Every job has a uniform or dress code of sorts, and most of the time it is not considered a perk of the job. When I started working at a place with a specific uniform, with logo shirt, name tag, and khakis, I thoroughly hated it. I didn't see the point of making the employees wear a specific color of shoes, or tuck in their shirts, or even wear their name tags every day. It all seemed excessive to say the least.

Now, I know that this uniform, little details and all, actually benefits my level of confidence, in my capabilities and my body image.

At first, uniforms feel unnecessary and somewhat degrading. "Really, I have to wear that? With my shirt tucked in, I look like a grandma!" I definitely thought these things. But, that was before I knew how important a unified team was, and how much authority a uniform gave.

Wearing something that not only sets you apart from customers but connects you with your co-workers and business, is oddly empowering.

I don't think about it generally, but when a guest or customer has a question while I'm at work, they don't just try and google it or figure it out themselves, they ask me. People see that combination of polo and khakis and think, "that's the person who'll know."

Yeah, that sounds a bit funny, but it's kind of true. That uniform represents your knowledge, your expertise, of what you do.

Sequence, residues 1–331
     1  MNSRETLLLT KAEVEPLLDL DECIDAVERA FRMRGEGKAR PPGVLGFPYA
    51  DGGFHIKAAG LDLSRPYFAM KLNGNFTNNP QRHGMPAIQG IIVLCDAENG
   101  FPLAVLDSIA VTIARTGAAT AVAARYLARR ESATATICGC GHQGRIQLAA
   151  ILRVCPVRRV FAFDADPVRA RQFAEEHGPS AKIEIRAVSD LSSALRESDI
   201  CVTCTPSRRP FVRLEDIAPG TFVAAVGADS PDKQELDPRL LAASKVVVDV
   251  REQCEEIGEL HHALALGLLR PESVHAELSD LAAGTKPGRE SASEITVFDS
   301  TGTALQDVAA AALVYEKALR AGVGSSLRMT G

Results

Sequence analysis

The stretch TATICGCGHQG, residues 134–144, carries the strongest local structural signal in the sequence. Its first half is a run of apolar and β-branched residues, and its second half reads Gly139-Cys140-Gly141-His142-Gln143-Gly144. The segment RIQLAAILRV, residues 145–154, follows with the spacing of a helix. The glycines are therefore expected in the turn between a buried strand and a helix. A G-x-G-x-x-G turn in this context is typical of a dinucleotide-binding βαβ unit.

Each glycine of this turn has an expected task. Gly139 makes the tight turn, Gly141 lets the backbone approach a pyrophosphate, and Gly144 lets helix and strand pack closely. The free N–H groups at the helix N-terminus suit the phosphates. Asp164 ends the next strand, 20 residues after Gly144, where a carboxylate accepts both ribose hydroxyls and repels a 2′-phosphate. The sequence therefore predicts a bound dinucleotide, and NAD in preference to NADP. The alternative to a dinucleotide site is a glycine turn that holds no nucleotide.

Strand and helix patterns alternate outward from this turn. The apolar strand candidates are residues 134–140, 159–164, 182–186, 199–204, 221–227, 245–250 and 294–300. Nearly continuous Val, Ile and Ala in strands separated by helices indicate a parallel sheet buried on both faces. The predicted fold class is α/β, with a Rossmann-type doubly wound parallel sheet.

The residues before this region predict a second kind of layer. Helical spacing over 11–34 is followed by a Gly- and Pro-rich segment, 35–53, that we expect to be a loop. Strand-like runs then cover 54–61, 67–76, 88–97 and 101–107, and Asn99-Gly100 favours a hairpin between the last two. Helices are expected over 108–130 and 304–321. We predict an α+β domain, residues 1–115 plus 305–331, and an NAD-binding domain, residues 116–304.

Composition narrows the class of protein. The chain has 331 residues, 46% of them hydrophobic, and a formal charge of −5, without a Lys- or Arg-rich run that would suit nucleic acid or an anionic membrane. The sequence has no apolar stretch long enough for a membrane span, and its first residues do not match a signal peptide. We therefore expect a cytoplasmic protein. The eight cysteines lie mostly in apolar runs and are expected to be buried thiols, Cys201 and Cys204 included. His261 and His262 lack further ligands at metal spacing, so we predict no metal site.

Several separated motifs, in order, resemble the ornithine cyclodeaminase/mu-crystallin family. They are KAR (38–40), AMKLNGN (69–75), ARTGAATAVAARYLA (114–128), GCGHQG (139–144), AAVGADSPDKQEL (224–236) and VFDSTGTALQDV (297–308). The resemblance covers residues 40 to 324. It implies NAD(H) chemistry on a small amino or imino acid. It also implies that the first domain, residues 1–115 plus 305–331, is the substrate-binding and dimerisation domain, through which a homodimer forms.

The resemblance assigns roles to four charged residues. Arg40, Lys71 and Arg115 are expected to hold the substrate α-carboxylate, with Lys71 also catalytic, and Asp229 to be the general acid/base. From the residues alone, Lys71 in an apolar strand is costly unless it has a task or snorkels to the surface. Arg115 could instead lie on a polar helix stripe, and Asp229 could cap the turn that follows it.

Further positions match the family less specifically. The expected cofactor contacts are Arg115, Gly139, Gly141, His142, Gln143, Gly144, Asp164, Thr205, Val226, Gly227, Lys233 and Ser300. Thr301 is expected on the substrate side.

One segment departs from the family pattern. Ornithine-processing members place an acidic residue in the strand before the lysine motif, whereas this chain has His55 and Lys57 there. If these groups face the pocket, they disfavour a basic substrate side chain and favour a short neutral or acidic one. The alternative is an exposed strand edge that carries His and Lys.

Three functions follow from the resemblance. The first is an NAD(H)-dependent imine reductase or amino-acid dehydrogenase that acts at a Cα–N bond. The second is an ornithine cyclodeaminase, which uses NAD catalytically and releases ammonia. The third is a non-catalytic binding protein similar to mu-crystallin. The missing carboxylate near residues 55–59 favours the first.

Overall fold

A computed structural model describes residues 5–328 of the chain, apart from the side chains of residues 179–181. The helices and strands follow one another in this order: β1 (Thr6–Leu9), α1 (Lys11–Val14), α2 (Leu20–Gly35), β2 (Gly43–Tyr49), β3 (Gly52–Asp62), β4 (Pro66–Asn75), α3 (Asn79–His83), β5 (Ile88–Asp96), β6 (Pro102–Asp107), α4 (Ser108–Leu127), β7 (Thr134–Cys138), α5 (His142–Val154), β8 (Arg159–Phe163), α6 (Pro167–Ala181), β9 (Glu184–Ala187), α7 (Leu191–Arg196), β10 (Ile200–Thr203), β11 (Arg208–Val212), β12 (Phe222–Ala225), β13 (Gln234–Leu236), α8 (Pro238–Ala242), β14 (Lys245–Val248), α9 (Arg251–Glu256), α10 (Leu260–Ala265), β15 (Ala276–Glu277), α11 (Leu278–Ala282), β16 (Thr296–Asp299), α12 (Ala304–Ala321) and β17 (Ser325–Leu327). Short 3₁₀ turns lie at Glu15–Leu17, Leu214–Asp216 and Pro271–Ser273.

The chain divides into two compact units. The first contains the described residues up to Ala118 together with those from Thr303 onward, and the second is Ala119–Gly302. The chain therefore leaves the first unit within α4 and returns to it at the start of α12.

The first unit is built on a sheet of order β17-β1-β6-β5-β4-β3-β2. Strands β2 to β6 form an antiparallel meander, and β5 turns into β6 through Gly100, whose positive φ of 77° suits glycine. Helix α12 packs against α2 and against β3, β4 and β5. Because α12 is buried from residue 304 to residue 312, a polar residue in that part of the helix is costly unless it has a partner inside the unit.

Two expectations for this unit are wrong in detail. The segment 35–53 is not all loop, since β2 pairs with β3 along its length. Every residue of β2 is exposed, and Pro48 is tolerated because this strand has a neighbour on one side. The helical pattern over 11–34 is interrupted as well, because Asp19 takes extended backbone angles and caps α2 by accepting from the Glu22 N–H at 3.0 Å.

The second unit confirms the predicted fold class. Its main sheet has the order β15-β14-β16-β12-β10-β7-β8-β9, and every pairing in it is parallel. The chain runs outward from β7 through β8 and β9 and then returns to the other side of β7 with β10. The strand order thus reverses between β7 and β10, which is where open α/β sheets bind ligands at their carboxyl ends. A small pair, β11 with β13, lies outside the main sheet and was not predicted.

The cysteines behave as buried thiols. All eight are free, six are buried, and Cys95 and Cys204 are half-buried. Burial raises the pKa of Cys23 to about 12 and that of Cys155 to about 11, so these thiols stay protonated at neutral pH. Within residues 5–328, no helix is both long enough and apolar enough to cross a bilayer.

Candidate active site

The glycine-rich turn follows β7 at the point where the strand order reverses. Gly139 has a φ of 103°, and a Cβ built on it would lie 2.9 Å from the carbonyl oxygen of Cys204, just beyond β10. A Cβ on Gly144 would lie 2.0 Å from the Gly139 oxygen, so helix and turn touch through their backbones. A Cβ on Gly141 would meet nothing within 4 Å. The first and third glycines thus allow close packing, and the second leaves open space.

Once I realized that people cared more about how I did my job, rather than how I looked while doing it, I stopped thinking about it. I went from feeling awkward and unsure of myself and how I looked, to confidence in what I was doing, to the extent that I don't really give my outfit a second thought.

I even think that maybe by wearing a set uniform for my job, I've gained more confidence outside of work too.

With learning new things and gaining experience, I look forward to it instead of constantly worrying about it. Of course, I still have a healthy apprehension about new things, because anxiety doesn't just go away, but self-doubt can decrease by a lot. At work, I don't do things with second-thoughts or uncertainty, I feel sure and prepared. And if I don't feel prepared, I still feel ready to tackle it.

The same shift in tone and perspective has applied to my body image and confidence. I never used to want to appreciate my body or what I looked like, I only ever wanted to change it or hide it. Sure, a uniform kind of forced me to accept my body, but I'm really glad it did.

Now, I'm able to disassociate my abilities and potential from my body.

That's really messed-up to have to say, but it's true. Everything I did or could imagine doing was always tied down to my body and how I perceived it. A uniform changed that by making me realize that my job performance and overall worth is not dependent on "flattering" outfits or anything like that.

Now I'm much more comfortable in my polo and khakis than ever before, and I'm even more comfortable in my own skin.